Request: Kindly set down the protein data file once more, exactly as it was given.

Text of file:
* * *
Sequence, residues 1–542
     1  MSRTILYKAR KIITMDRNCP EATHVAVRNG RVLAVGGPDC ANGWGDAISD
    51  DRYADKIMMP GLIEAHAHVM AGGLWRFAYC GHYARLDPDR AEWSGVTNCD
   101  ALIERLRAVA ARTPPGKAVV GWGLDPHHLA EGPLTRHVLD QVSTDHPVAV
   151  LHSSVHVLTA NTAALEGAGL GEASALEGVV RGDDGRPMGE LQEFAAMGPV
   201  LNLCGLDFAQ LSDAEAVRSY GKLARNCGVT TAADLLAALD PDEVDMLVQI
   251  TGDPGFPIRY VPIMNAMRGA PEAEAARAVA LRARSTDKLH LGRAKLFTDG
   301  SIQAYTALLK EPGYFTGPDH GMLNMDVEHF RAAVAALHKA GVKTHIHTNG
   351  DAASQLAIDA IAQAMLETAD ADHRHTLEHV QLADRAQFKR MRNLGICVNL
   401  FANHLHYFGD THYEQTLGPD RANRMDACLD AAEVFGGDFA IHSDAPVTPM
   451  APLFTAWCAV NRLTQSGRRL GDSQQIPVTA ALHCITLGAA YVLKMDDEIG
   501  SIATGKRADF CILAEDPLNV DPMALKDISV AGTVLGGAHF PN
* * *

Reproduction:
Sequence, residues 1–542
     1  MSRTILYKAR KIITMDRNCP EATHVAVRNG RVLAVGGPDC ANGWGDAISD
    51  DRYADKIMMP GLIEAHAHVM AGGLWRFAYC GHYARLDPDR AEWSGVTNCD
   101  ALIERLRAVA ARTPPGKAVV GWGLDPHHLA EGPLTRHVLD QVSTDHPVAV
   151  LHSSVHVLTA NTAALEGAGL GEASALEGVV RGDDGRPMGE LQEFAAMGPV
   201  LNLCGLDFAQ LSDAEAVRSY GKLARNCGVT TAADLLAALD PDEVDMLVQI
   251  TGDPGFPIRY VPIMNAMRGA PEAEAARAVA LRARSTDKLH LGRAKLFTDG
   301  SIQAYTALLK EPGYFTGPDH GMLNMDVEHF RAAVAALHKA GVKTHIHTNG
   351  DAASQLAIDA IAQAMLETAD ADHRHTLEHV QLADRAQFKR MRNLGICVNL
   401  FANHLHYFGD THYEQTLGPD RANRMDACLD AAEVFGGDFA IHSDAPVTPM
   451  APLFTAWCAV NRLTQSGRRL GDSQQIPVTA ALHCITLGAA YVLKMDDEIG
   501  SIATGKRADF CILAEDPLNV DPMALKDISV AGTVLGGAHF PN